• Describe the work and present results to managers and colleagues in both in oral and written form.

Transferable skills:

  • Technical writing: students must prepare a substantial, properly structured technical report.
  • Oral presentation: students present their work.
  • Use IT and library resources to gather specific information needed for the project; collate and present this appropriately.


Learning Outcomes

On completion of this module students should be able to:

Subject specific:

  • Plan, manage and complete a substantial task independently (this work may be undertaken as part of a larger body of work completed as a team member)
  • Develop an understanding of how the project relates to other activities within the company and the need for effective communication to manage and coordinate activities.


Teaching and Assessment

Teaching Approach

Shortly after the first visit by the industrial placement coordinator the student and the industrial supervisor will agree on a task which will form the focus of the industrial project. The student will prepare a brief summary of the work and this will be emailed to the industrial training coordinator for approval. The work is then undertaken by the student during some of the remaining time (minimum 4 weeks). 

Total time: 4 weeks (minimum).

Methods of Assessment

The module is assessed by:

  1. The student makes an oral presentation to the industrial supervisor and industrial training coordinator (to coincide with the second industrial training visit). This counts 20% towards the final module mark.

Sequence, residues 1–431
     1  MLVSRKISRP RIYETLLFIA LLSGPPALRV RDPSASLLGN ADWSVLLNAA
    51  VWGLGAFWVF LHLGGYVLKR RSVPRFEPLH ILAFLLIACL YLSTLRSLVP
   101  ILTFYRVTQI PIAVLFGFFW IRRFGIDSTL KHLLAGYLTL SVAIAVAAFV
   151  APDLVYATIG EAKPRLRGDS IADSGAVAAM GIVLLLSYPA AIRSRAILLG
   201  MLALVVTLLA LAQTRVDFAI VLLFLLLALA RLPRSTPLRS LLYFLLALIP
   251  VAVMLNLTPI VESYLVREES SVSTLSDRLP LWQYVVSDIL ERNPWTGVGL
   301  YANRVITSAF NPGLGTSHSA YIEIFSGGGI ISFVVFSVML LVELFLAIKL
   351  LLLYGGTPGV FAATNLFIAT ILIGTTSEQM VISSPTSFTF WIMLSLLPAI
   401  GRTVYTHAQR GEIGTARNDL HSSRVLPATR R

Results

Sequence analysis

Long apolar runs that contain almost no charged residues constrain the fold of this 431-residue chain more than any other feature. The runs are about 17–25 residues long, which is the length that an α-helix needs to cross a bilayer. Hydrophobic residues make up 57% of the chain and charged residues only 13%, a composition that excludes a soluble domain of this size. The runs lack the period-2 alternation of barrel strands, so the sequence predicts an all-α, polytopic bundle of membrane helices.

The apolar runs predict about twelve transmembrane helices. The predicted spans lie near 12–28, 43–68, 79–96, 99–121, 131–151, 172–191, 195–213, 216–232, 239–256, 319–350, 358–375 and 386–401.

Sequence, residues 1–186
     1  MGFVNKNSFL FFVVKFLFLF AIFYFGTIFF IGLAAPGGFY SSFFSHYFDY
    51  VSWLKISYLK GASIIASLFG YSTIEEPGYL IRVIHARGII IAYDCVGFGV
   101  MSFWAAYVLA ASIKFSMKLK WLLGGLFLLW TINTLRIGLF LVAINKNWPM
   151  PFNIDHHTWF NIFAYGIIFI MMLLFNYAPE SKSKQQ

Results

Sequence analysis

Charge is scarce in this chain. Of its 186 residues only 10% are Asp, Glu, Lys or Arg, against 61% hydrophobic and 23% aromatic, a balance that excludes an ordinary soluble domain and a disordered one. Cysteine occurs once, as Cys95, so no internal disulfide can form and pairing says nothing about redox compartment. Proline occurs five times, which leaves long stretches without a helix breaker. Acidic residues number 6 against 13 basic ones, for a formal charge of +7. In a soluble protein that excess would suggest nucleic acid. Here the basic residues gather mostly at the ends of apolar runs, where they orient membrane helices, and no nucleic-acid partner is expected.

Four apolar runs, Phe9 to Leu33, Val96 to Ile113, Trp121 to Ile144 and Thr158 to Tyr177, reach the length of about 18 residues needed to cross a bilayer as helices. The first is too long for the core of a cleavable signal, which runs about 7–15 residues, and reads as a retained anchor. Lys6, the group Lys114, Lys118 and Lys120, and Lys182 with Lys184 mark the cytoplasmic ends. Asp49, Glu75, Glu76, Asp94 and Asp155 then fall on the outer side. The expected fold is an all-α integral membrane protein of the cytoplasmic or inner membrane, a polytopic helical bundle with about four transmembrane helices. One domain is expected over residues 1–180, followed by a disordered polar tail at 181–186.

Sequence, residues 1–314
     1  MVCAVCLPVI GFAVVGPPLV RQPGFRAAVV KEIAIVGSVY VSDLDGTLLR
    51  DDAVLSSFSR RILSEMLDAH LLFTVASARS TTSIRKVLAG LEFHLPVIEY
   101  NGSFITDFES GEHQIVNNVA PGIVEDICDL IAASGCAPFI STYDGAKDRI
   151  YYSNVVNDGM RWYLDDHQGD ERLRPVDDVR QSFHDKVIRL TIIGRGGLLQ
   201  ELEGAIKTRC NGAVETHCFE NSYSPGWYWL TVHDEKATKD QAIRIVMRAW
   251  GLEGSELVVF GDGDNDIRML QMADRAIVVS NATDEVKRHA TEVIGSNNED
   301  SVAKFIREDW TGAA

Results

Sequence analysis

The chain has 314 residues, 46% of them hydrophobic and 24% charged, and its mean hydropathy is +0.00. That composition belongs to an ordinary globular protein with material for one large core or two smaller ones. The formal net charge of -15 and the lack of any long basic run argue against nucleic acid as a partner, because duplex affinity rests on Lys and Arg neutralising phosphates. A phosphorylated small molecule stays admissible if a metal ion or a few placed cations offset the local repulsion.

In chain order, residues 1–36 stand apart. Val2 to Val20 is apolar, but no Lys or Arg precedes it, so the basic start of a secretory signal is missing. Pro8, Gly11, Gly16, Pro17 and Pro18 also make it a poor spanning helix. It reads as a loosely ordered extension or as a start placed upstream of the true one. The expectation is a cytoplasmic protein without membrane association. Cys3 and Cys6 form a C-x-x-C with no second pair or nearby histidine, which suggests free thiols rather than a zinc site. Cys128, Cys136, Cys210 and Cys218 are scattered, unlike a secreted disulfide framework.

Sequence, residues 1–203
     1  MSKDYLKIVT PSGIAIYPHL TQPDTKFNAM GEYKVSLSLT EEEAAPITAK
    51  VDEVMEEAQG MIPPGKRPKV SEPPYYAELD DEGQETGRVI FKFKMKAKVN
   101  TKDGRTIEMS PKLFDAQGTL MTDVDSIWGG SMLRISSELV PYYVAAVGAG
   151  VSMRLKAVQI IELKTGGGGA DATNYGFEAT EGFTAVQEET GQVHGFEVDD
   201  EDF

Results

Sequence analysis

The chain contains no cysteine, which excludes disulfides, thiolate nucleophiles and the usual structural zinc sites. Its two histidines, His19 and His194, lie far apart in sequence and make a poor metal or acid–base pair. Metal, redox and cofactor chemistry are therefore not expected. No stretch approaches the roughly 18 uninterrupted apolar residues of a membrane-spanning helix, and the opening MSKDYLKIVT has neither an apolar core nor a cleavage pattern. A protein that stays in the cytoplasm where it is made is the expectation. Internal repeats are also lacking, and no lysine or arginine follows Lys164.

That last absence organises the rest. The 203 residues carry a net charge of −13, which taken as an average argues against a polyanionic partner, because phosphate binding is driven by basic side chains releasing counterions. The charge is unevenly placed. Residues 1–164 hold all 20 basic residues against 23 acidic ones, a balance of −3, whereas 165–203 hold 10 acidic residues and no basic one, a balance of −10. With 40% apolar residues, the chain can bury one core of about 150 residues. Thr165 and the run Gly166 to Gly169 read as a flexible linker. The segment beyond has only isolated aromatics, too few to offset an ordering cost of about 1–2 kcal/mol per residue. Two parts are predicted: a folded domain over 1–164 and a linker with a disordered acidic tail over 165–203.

2. The student must submit a technical report (maximum 6000 words) before the end of the placement period, detailing the work undertaken. The report may be designated company confidential and as such it will be returned to the industrial supervisor following assessment. This counts 80% towards the module mark.

Setting of coursework:

Coursework will be posted on Blackboard in week 2 and week 4. Blackboard managed tests go live immediately after the lecture and remain available for one week only. Questions must be answered within 1 hour - only one attempt is permitted.


Resources

Teaching Resources

The module is managed using Blackboard. The student, industrial supervisor and industrial training coordinator manage and coordinate project work and assessments by email.

Library Resources

Students are registered with the university in their placement year and have access to library and IT resources.


Conventions and Standards

Submission:

Written coursework should be submitted by following the standard CMP practice. Students are advised to refer to the Guidelines and Hints on Written Work in CMP.

Deadlines:

If coursework is handed in after the deadline day or an agreed extension:

 

Work submitted Marks deducted
After 15:00 on the due date and before 15:00 on the day following the due date 10 marks
After 15:00 on the second day after the due date and before 15:00 on the third day after the due date 20 marks
After 15:00 on the third day after the due date and before 15:00 on the 20th day after the due date.  All the marks the work merits if submitted on time (ie no marks awarded) 
After 20 working days Work will not be marked and a mark of zero will be entered


Saturdays and Sundays will NOT be taken into account for the purposes of calculation of marks deducted.